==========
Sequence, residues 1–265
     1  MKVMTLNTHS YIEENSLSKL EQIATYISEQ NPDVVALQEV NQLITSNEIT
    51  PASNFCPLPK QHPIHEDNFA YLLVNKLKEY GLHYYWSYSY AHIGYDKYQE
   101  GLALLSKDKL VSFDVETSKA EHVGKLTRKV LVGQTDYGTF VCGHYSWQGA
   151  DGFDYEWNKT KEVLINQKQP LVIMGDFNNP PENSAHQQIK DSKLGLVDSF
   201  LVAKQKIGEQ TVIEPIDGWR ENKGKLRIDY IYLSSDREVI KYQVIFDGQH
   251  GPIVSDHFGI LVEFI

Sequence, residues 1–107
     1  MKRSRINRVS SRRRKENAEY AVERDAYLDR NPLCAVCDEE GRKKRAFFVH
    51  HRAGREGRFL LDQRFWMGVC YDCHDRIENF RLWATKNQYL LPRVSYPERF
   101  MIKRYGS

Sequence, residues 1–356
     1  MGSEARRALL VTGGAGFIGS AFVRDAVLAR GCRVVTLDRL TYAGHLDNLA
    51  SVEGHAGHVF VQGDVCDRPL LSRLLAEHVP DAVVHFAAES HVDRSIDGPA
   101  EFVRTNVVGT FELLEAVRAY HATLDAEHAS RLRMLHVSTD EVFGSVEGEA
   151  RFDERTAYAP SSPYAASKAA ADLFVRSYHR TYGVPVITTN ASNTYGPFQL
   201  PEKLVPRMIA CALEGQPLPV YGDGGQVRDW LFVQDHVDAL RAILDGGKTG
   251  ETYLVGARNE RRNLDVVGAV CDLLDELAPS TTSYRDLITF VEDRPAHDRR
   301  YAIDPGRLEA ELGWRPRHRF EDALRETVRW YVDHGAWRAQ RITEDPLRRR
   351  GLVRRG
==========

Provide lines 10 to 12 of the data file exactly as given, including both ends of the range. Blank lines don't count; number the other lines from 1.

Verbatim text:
    51  HRAGREGRFL LDQRFWMGVC YDCHDRIENF RLWATKNQYL LPRVSYPERF
   101  MIKRYGS

Sequence, residues 1–356